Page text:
Business as usual for pope on his bday

Pope calls for non-violent response to conflict, terror

(ANSA) - Vatican City, December 17 - It was business as usual for Pope Francis on his 79th birthday on Thursday, the day before his much trumpeted visit to the newly renovated Caritas hostel in Rome. The pope began the day by celebrating Mass privately in the chapel of the Vatican's Santa Marta guesthouse where he resides, before receiving birthday greetings from the residence staff.
    A birthday cake was reportedly also delivered to Santa Marta on his behalf. Francis also received the new ambassadors of Bahrain, Guinea, India and Latvia to the Holy See as well as Cardinal Fernando Filoni, prefect of the Congregation for the Evangelization of Peoples - the congregation of the Roman Curia responsible for missionary work - apostolic nuncios in Croatia and the Netherlands, the leader of the Knights of Columbus Carl A. Anderson accompanied by the archbishop of Baltimore, Monsignor William E. Lori, and the young representatives of Italian Catholic Action. He used the visit of the new ambassadors to the Holy See as an opportunity to call for non-violent responses to conflict and terrorism. "The year that's about to end has been marred by a multitude of violent conflicts, due to both war and terrorism," the pope said.
    "In the more mature consciences, this situation is increasingly provoking a non-violent reaction, a spiritual and moral one.
    "This is what we want and we must feed it with all the means available to us, according to our responsibilities," Francis added.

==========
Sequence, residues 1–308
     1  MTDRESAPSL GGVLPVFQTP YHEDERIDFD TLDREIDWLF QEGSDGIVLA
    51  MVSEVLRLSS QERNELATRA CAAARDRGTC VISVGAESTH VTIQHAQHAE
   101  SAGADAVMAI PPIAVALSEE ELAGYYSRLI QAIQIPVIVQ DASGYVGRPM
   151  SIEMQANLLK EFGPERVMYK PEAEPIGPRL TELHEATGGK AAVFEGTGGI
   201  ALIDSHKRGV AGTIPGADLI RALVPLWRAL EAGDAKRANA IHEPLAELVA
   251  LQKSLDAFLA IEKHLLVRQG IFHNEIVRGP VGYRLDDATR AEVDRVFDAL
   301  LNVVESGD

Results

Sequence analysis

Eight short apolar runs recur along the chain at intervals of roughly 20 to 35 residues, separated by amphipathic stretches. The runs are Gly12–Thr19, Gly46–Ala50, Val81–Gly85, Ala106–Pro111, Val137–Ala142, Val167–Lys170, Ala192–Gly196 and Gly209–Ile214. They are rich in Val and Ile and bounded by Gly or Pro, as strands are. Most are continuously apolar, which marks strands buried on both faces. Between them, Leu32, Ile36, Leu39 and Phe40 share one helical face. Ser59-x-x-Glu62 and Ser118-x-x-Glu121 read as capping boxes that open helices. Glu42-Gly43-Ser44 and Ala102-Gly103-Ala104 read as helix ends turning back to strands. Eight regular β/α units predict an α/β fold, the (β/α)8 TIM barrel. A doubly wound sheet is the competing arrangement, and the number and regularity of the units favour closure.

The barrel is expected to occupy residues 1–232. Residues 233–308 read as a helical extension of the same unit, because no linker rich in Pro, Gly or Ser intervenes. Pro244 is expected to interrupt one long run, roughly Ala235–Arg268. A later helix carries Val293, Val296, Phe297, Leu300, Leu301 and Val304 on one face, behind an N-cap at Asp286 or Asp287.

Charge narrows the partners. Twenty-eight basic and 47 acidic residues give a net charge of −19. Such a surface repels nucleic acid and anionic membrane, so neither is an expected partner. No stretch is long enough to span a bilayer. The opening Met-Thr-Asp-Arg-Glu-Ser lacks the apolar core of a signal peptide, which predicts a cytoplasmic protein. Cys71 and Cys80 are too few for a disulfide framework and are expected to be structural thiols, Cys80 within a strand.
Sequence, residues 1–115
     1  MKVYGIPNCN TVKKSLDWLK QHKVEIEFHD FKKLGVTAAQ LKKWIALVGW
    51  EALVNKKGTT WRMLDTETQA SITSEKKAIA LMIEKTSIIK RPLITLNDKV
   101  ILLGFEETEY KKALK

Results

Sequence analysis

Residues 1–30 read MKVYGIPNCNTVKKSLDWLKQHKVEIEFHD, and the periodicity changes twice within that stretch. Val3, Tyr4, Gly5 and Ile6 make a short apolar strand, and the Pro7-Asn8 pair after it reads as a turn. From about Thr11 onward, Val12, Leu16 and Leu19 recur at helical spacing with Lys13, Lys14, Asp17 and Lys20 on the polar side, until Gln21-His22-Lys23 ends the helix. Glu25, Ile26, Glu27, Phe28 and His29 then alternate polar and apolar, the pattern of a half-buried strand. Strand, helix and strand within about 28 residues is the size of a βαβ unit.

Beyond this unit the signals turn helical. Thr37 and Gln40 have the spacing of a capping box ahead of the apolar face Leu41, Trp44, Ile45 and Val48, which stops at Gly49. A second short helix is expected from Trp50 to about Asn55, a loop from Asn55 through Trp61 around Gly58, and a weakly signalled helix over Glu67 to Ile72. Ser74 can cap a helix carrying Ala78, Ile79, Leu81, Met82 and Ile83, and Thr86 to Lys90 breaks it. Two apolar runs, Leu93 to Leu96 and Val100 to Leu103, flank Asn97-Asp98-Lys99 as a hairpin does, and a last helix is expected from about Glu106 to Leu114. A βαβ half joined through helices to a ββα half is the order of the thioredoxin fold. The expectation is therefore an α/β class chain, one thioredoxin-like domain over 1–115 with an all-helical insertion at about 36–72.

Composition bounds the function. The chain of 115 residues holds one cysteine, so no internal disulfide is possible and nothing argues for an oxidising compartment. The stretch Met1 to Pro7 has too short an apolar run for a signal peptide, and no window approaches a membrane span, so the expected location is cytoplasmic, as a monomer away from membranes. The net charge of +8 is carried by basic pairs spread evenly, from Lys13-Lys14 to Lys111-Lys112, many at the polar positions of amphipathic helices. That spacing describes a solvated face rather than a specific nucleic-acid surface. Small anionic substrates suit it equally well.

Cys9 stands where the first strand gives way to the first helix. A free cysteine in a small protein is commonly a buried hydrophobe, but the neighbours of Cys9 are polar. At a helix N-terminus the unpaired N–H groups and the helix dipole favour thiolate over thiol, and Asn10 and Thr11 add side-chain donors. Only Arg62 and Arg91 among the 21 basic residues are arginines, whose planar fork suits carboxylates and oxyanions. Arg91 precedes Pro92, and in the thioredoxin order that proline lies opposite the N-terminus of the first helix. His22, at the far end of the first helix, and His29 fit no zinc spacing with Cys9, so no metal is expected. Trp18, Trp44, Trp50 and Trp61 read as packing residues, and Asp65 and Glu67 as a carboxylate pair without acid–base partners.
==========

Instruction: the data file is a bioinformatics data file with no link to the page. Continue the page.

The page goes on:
Meanwhile birthday greetings poured in from well-wishers within the Church and from Italy's political institutions. President Sergio Mattarella wished the pope a happy birthday and Christmas on behalf of "all Italians" who hold him in "deep and sincere esteem". In her message, Lower House Speaker Laura Boldrini said the pope's "untiring ecumenical action" and "unceasing call to overcome injustice and disparity and to seek and promote dialogue between peoples and faiths" are an example to believers and non-believers alike. Don Flavio Peloso, director general of Opera Don Orione charity, hailed the pope's "revolution of tenderness".
    "With you the Church is like a ship in full sail towards the most needy," wrote the Franciscan friars in Assisi, adding that they were praying for the pope on the tomb of the saint from whom he takes his name.
    The association of Italian Catholic Doctors and the Pharmaceuticals Bank Foundation also sent their best wishes to Francis on his birthday.
    On Friday, the pontiff is set to open the Holy Door of Charity at the refurbished hostel and soup kitchen run by Catholic charity Caritas at Rome's Termini railway station.
    The event, part of the special Jubilee year Francis has dedicated to the theme of mercy, will begin with the symbolic opening of the door at 16:30 local time.
    Four guests of the hostel will join a procession with the pope, during which prayers will be dedicated to saints linked to the theme of mercy such as St. Philip Neri and St. John Paul II.
    About 200 guests will greet the pope in the soup kitchen, where he will celebrate the Eucharist rite. Francis has asked for this to be a personal and private meeting with the people who actually make use of the charity's services.
    About 500 more will observe the rite from outside the building, including Caritas volunteers.
    The hostel at Termini, which can now host 195 people, has welcomed the homeless, poor and immigrants for 25 years. The soup kitchen offers an evening meal for 500 people. The two centres were reopened on December 10 following renovation work.
    The Holy Door Francis will open here features a mosaic by artist Father Marko Ivan Rupnik portraying the logo of the Jubilee of Mercy.
   

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